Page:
The idea of the “sophomore slump” has significance outside of the college context: An artist’s second album might not be as good as their first, star rookies lose their luster and sequels are often worse than originals. So, it only makes sense that the second semester of the first year in college may be more challenging than the first. But we don’t acknowledge this particular slump, instead implicitly deeming sophomore year the only acceptable time to experience a decline in enthusiasm. This oversight can make the experiences of some freshmen almost invisible, with serious consequences for students’ well-being, graduation rates and higher education at large. A reckoning with this question is long overdue: What happens when the “sophomore slump” actually comes during your second semester?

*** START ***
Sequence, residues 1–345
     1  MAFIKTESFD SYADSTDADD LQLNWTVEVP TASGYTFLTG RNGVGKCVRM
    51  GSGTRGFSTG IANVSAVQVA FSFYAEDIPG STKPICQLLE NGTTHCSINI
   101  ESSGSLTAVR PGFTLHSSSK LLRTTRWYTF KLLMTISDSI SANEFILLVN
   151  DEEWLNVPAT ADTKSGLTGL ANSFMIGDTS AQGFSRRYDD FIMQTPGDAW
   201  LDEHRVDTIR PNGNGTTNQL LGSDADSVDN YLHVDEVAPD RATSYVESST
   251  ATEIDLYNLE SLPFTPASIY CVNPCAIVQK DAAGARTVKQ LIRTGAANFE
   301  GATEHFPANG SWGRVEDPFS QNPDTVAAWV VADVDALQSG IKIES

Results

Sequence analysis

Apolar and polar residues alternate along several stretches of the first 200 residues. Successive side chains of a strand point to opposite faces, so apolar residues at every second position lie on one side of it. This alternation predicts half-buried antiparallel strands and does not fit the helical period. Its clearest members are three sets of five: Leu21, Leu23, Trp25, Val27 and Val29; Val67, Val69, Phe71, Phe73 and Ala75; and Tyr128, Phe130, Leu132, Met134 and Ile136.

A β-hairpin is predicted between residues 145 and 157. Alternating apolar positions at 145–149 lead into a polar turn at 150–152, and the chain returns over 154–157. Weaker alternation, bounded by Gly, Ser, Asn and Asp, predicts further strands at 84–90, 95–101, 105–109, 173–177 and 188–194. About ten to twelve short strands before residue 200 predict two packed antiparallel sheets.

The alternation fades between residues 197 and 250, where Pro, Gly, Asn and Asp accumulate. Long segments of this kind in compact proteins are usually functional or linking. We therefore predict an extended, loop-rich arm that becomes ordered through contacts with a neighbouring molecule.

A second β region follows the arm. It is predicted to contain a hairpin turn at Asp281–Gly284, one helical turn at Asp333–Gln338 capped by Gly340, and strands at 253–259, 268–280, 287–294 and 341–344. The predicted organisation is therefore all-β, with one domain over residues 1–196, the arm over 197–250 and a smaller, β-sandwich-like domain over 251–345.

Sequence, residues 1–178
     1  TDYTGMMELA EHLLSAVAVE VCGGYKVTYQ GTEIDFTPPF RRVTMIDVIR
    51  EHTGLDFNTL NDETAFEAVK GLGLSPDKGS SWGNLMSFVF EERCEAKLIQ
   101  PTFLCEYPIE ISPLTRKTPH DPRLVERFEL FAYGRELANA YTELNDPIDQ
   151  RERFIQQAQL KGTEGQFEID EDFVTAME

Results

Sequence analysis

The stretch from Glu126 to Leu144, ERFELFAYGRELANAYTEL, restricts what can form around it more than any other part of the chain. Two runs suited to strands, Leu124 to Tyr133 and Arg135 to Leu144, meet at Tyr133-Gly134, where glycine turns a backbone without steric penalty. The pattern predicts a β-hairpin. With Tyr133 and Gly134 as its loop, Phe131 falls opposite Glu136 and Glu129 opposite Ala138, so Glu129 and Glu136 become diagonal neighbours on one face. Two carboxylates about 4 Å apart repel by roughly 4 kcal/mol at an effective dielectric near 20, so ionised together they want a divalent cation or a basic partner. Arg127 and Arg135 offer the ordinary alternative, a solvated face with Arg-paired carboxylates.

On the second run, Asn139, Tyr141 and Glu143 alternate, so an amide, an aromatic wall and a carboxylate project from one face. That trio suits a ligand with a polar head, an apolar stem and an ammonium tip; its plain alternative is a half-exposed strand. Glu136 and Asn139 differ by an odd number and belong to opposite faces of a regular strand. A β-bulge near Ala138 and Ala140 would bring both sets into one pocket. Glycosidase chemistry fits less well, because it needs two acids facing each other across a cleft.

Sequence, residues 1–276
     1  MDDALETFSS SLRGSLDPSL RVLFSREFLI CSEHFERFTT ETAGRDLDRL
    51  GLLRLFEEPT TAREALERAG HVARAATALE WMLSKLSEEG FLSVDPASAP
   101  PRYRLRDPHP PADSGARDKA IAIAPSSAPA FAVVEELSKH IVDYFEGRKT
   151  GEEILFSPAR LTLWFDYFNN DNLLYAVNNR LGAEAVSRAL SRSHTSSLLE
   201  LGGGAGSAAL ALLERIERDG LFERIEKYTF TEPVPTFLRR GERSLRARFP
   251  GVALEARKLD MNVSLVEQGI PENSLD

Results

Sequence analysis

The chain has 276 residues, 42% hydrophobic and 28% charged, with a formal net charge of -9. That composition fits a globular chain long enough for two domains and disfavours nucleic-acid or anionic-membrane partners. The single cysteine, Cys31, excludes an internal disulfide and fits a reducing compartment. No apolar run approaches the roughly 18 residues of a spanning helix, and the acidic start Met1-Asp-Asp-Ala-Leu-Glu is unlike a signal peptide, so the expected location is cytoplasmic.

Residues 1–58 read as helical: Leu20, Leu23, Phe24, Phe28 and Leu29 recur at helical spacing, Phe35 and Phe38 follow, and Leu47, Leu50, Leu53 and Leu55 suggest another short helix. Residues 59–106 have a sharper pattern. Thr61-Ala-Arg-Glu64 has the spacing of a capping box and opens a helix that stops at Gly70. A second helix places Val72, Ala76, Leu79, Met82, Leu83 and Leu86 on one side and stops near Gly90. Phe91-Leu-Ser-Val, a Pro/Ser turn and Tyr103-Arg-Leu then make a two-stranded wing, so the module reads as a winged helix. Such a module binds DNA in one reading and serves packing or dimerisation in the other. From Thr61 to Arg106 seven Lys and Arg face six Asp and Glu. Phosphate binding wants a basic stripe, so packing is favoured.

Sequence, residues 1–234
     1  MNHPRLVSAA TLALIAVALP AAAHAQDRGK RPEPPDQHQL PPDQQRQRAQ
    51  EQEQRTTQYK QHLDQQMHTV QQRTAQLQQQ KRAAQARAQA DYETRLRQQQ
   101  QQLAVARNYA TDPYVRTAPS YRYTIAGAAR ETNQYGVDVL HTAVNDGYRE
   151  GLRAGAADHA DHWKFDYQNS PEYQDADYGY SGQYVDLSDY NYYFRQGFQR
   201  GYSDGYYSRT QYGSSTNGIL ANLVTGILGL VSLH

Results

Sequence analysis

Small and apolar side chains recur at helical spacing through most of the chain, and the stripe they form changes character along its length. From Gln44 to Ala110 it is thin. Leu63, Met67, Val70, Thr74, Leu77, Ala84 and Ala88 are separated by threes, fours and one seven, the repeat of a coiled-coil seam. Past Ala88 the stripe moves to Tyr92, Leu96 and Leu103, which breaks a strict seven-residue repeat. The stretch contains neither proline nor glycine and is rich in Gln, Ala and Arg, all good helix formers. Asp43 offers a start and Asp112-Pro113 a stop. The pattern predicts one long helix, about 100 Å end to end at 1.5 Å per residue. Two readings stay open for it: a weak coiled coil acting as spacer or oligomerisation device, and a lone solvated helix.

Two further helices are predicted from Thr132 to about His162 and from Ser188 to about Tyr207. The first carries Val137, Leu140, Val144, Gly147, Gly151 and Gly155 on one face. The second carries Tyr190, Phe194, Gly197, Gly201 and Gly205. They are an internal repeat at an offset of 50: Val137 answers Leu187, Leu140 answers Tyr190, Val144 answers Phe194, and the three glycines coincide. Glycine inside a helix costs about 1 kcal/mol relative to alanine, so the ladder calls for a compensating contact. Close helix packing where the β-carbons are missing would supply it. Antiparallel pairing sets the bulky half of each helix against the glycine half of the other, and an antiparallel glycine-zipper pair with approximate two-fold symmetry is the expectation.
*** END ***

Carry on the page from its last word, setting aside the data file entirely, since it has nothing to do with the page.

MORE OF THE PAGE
There are many reasons why the second semester might produce a lull. For starters, a month-long winter break can be jarring for some freshmen still working to find their groove on campus. Most high school winter breaks are two weeks long, which is short enough that most students find it easy to get back in the rhythm of classes. In college, though, the break is much longer. Brown’s winter break is double the time, and rightfully so — the work that goes into a semester warrants more time off. The issue arises when students must return to campus after such a long layoff. While students should enjoy the well-deserved break afforded to us, our semester-long adjustment to life at Brown resets. Right before heading home, we’re operating at full speed and as soon as we get back, we’re thrown right back into the thick of things, expected to pick up where we left off. It’s kind of like when you first arrive to college, minus all of the orientation stuff.

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